Production of Endoribonuclease-Prepared Short Interfering RNAs (esiRNAs) for Specific and Effective Gene Silencing in Mammalian Cells

CSH Protoc. 2007 Aug 1;2007:pdb.prot4824. doi: 10.1101/pdb.prot4824.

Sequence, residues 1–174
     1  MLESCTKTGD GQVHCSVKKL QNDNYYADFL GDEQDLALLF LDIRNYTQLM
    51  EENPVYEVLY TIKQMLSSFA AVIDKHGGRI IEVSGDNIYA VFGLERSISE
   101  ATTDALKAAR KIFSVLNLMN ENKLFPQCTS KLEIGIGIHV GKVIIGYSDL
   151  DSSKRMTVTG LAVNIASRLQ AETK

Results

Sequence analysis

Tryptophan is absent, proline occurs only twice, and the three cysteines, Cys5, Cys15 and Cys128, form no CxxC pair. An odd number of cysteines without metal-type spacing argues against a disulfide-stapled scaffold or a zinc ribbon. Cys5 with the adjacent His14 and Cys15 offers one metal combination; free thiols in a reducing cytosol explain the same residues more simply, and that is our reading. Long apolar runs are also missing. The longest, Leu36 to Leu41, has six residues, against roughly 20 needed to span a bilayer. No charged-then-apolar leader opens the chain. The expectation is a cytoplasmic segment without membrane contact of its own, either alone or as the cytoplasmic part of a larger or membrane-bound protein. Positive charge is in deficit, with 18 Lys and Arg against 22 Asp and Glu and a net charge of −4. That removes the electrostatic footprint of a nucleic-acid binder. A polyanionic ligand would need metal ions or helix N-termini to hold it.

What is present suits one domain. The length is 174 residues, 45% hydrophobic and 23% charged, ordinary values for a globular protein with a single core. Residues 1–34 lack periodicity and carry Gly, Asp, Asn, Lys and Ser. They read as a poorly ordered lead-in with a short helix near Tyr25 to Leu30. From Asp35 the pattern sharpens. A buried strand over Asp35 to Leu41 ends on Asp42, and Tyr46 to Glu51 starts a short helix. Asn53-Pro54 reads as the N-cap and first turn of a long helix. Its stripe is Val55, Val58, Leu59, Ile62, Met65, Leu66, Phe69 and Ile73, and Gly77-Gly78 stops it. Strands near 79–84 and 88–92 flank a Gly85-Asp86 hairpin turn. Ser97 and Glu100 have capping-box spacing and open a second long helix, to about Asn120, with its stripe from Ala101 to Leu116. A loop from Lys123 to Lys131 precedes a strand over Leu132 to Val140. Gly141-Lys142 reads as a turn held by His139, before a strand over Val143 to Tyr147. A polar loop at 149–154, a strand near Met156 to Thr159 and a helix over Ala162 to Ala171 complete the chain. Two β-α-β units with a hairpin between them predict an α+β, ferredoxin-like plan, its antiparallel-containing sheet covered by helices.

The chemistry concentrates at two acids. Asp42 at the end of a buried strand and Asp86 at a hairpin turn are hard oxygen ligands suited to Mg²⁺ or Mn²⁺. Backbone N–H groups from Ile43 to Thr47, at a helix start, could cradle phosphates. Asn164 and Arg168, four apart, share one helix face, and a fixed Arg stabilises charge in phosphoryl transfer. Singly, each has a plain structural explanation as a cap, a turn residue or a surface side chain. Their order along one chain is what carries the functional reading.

INTRODUCTIONThe mechanism of RNA interference has emerged as a practical tool to study loss of function in many organisms. To make the method of gene knockdown suitable for mammalian cells, short interfering double-stranded RNAs (siRNAs) need to be applied. This protocol describes a straightforward, low-cost method, which uses recombinant Escherichia coli RNase III to digest long dsRNA into endoribonuclease-prepared short interfering RNAs (esiRNAs). Advantages of this technology are the high efficiency and specificity of the resulting esiRNA and its usefulness for not only small-scale applications, but also high-throughput loss-of-function analyses. Another great asset of esiRNA is its flexibility in design, using Web-based tools such as DEQOR, or predesigned esiRNA sequences from the database RiDDLE. PCR products flanked with T7 promoter sequences are generated, transcribed, and annealed. The resulting long dsRNA is enzymatically digested into a pool of overlapping esiRNAs, which are subsequently spin-column-purified.